NotAllThere has a reputation beyond reputeNotAllThere has a reputation beyond reputeNotAllThere has a reputation beyond reputeNotAllThere has a reputation beyond reputeNotAllThere has a reputation beyond reputeNotAllThere has a reputation beyond repute
Re: Oh That Schwiizer Dutsch! (Or What did you say?)

Quote:
View Post
I'd say that "e schöne" is propably the most informal one, but of course,there are no written rules.
And depends where you live. For BS and BL, I'm assured that it's fine to say "e schöne" as a friendly goodbye to someone with whom you may be Siesig but you have had some interaction with. My wife and I have even been greeted at the bank with "Hallo zamma". So I guess things are getting more informal out of the fog.
Reply With Quote
This user would like to thank NotAllThere for this useful post:
  #47  
Old 20.01.2020, 09:53
MusicChick's Avatar
modified, reprogrammed and doctored²
 
Join Date: Feb 2008
Location: La Cote
Posts: 17,306
Groaned at 395 Times in 271 Posts
Thanked 20,013 Times in 10,418 Posts
MusicChick has a reputation beyond reputeMusicChick has a reputation beyond reputeMusicChick has a reputation beyond reputeMusicChick has a reputation beyond reputeMusicChick has a reputation beyond reputeMusicChick has a reputation beyond repute
Re: Oh That Schwiizer Dutsch! (Or What did you say?)

Quote:
View Post
And depends where you live. For BS and BL, I'm assured that it's fine to say "e schöne" as a friendly goodbye to someone with whom you may be Siesig but you have had some interaction with. My wife and I have even been greeted at the bank with "Hallo zamma". So I guess things are getting more informal out of the fog.
What's the zamma thing?
Reply With Quote
  #48  
Old 20.01.2020, 09:59
Axa's Avatar
Axa Axa is offline
Forum Legend
 
Join Date: Oct 2019
Location: Suhr, Aargau
Posts: 2,930
Groaned at 37 Times in 37 Posts
Thanked 3,944 Times in 1,830 Posts
Axa has a reputation beyond reputeAxa has a reputation beyond reputeAxa has a reputation beyond reputeAxa has a reputation beyond reputeAxa has a reputation beyond reputeAxa has a reputation beyond repute
Re: Oh That Schwiizer Dutsch! (Or What did you say?)

Quote:
View Post
What's the zamma thing?

zamma = zusammen = together


The only time I've seen it written in Aarau, it was spelled as zäme.
Reply With Quote
This user would like to thank Axa for this useful post:
  #49  
Old 20.01.2020, 10:11
Guest
 
Posts: n/a
Re: Oh That Schwiizer Dutsch! (Or What did you say?)

Quote:
View Post
What's the zamma thing?
One of the earlier bits of Swiss I learnt. Yes, short for zusammen, it means "together", but unlike that, or the French "ensemble", is also used to mean everybody present, so it's not unusual to hear "Sali Zamma" from someone walking into a bar (certainly very common in central CH) to make it an inclusive hello to anyone who may be listening. Similarly a general Ciao Zamma when leaving.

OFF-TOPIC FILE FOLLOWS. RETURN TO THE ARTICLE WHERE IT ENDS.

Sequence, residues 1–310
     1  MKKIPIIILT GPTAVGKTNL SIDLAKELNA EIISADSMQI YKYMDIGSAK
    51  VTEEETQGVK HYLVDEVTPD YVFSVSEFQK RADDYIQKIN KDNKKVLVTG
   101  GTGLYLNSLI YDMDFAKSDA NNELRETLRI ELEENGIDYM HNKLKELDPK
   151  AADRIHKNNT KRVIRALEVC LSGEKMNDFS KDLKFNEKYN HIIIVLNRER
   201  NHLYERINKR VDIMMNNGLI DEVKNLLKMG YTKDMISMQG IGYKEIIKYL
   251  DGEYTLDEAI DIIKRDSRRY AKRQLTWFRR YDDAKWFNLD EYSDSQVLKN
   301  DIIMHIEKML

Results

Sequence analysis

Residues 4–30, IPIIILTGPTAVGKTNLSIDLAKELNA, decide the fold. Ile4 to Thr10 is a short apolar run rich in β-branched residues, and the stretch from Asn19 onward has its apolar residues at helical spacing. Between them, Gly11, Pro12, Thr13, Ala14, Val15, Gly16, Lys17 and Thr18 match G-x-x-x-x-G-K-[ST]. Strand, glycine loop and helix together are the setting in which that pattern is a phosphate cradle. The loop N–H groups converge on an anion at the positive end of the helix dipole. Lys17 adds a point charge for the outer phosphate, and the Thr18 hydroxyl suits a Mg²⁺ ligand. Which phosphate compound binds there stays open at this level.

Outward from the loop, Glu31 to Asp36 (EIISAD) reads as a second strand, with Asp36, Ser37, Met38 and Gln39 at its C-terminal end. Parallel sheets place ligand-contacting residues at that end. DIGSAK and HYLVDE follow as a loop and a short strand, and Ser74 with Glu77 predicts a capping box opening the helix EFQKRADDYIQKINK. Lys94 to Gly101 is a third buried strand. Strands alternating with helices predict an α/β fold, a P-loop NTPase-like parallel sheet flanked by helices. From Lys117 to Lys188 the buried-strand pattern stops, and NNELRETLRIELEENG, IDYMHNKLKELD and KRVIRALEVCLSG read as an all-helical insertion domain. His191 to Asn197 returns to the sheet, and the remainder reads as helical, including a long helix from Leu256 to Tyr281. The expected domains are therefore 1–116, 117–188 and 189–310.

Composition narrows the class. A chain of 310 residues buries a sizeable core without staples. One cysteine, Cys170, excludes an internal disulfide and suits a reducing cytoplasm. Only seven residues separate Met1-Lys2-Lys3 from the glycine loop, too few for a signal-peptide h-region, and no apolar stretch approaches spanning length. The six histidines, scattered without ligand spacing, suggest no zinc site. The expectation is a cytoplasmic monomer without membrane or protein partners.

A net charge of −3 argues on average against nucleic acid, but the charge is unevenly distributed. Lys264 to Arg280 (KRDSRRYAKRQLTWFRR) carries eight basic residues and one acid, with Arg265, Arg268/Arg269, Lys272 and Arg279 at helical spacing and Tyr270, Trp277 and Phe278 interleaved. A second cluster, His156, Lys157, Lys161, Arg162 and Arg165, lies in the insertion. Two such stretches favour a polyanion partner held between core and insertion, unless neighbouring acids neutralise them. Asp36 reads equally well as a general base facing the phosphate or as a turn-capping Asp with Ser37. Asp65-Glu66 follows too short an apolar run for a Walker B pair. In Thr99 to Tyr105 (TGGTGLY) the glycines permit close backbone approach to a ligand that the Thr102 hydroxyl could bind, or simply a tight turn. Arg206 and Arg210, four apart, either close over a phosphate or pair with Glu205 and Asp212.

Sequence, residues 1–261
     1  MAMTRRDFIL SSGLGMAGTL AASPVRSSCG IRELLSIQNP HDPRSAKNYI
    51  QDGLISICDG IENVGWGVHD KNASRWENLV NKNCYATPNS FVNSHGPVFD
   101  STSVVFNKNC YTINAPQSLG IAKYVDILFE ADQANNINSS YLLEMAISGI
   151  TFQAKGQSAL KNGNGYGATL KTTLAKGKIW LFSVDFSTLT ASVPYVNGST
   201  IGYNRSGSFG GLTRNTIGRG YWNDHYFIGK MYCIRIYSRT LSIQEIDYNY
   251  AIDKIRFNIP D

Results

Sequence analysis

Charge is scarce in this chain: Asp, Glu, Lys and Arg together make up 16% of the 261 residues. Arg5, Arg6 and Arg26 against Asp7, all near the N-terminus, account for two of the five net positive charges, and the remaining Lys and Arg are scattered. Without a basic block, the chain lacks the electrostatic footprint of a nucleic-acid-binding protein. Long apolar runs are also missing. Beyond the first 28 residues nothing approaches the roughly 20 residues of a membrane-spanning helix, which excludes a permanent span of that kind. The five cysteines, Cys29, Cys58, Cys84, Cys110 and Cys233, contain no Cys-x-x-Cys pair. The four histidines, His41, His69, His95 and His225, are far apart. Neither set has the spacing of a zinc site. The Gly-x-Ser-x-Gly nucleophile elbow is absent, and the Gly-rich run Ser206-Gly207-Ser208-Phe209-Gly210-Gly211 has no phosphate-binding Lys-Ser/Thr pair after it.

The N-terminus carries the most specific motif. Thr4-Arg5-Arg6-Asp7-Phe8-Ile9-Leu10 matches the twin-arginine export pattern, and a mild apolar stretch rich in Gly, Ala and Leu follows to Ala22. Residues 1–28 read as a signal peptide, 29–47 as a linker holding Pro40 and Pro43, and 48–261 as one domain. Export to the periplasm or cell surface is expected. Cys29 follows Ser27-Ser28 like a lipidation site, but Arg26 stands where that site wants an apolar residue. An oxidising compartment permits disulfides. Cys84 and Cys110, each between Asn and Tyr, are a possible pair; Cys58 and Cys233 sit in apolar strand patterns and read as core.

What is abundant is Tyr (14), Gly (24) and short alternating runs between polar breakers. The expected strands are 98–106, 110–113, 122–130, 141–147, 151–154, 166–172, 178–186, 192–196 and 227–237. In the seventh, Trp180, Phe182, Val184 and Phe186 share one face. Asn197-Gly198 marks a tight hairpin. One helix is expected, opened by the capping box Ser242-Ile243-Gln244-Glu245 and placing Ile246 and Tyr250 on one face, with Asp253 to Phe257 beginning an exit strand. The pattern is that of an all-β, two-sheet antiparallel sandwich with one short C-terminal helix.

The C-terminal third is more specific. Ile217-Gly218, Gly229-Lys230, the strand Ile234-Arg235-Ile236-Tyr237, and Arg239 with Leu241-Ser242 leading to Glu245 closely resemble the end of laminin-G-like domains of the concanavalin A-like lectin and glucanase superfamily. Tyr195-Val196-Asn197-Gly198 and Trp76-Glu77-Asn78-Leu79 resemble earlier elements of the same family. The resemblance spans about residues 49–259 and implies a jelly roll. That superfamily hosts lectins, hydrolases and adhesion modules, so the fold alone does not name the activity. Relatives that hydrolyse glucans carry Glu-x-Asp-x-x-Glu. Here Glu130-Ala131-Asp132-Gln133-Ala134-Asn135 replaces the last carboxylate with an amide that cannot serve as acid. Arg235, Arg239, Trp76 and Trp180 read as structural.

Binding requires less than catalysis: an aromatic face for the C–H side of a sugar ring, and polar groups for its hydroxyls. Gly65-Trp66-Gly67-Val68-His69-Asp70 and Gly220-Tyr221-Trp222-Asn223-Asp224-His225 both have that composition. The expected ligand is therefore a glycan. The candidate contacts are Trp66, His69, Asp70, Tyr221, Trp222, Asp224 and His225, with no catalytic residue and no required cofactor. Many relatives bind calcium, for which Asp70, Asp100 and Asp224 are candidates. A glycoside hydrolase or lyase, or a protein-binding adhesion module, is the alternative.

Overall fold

It does have a great advantage, especially compared to French culture, of enabling one to arrive at or leave a gathering without individually greeting each person in turn. I can't think of similar expression in French, although TBF they Valaisans aren't quite so hung up about this as some French, so a generic bonsoir to the bar is generally acceptable.
Reply With Quote
  #50  
Old 20.01.2020, 10:18
grumpygrapefruit's Avatar
Forum Legend
 
Join Date: Feb 2007
Location: NL, UK & sometimes ZH
Posts: 6,369
Groaned at 38 Times in 37 Posts
Thanked 17,381 Times in 4,467 Posts
grumpygrapefruit has a reputation beyond reputegrumpygrapefruit has a reputation beyond reputegrumpygrapefruit has a reputation beyond reputegrumpygrapefruit has a reputation beyond reputegrumpygrapefruit has a reputation beyond reputegrumpygrapefruit has a reputation beyond repute
Re: Oh That Schwiizer Dutsch! (Or What did you say?)

Quote:
View Post
All my Swiss keyboards are switched to US layout as I touch type.

Drives my colleagues nuts when they need to type something on one of my computers!

Tom
Me too, I have a German keyboard set to English, I rarely look at the keyboard, I know Z and Y are swapped, and I can do all the accents needed in German, French and Spanish (and quite a few more when needed) without thinking.

But if a friend, British or Swiss, wants to type something they're completely lost.

And re language, and lots of other things relating to customs in Switzerland, you really need to follow this guy. Zeki is a comedian, some of his stuff is hilarious. This is my favourite at the moment, I can't follow all of it, but what I can gives me some serious chuckles.